Thu, 11/12/2008 - 11:59
A sharp spike in investor risk aversion had a significant impact on hedge funds investing the emerging markets in the most recent quarter, according to Hedge Fund Research.
The HFRI Emerging Markets (Total) Index declined nearly 29 per cent in the four-month period ending 31 October.
Mirroring trends across the global hedge fund industry, investors redeemed over USD5.2bn in capital from funds investing in emerging markets.
When performance-based asset losses are included, capital invested in emerging markets hedge funds fell over 33 per cent to under USD75bn, less than five per cent of all hedge fund capital and an absolute level not seen since end of 2006.
Total capital invested in hedge funds globally has fallen by 19 per cent over the same four-month period ending October.
Asset declines were widespread across all emerging market regions and strategies, but the most severe losses were in equity hedge funds, in which assets fell by over USD23bn, and in funds focused on Russia & Eastern Europe, in which assets fell by over USD12bn.
While emerging markets hedge funds have declined over 34 per cent over the last 12 months, the losses have still not exceeded the losses from the financial crisis of 1997-98, at which time emerging markets hedge funds declined over 43 per cent, says Hedge Fund Research.
The recent results contrast sharply with prior years, with 2007 ending a four-year period in which hedge funds investing in emerging markets posted annualized gains of better than 25 per cent, making it the best performing hedge fund strategy over that time.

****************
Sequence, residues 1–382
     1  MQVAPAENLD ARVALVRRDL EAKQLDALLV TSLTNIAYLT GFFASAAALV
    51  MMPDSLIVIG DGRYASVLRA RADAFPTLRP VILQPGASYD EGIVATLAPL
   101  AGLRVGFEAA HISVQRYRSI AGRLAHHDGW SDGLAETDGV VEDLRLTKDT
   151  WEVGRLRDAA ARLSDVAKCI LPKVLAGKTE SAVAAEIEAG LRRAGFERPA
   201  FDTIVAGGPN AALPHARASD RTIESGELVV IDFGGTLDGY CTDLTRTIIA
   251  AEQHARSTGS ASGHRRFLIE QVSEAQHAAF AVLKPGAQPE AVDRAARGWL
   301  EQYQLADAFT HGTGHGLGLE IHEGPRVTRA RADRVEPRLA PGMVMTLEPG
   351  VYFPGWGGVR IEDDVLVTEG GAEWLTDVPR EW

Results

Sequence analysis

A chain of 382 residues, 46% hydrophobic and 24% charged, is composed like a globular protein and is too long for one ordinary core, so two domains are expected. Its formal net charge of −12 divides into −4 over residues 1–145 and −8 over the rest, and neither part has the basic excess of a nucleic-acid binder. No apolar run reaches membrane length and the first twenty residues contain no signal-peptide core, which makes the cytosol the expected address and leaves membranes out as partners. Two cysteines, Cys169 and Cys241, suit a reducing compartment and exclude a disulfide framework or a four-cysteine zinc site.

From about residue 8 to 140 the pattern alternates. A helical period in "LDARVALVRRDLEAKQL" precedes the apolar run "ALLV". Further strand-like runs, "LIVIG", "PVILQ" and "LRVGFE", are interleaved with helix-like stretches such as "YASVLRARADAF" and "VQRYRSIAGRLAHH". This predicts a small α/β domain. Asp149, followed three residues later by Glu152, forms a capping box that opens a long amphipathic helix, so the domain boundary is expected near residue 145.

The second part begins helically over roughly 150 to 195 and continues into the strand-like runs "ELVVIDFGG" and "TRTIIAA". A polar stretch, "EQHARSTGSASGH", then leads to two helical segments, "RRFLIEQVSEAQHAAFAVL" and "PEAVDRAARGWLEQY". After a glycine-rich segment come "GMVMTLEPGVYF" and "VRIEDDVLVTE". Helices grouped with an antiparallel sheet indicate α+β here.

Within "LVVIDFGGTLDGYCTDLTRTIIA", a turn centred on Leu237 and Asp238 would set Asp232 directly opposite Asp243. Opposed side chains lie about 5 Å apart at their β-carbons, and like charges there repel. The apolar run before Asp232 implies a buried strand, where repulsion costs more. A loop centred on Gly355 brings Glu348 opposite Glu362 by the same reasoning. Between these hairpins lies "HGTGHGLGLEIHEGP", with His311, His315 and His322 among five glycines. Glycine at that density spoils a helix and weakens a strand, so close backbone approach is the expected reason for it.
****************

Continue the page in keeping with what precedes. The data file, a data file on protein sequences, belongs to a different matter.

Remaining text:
Even inclusive of the 2008 losses, many emerging markets regions continue to show intermediate gains.
Despite a decline of nearly 50 per cent for the year, the HFRI Emerging Markets: Russia/Eastern Europe Index has produced an annualized gain of 13.4 per cent (87.5 per cent cumulatively) over the past five years, far in excess of the 0.3 per cent (1.3 per cent cumulatively) gain for the S&P 500.
Funds investing in Asia (ex-Japan), Latin America and the Middle East show similar return profiles.
Ken Heinz, president of HFR, says: 'Emerging market underpinnings of secular growth and improved fundamentals were ignored and overwhelmed by fear and risk aversion. In a tumultuous flight to quality, investors looked to liquidate portfolios of any risky assets in favor of the perceived security of developed government bonds, and emerging markets hedge funds were some of the most heavily impacted by this. Risk, of all types, was out of favour in the third quarter.'
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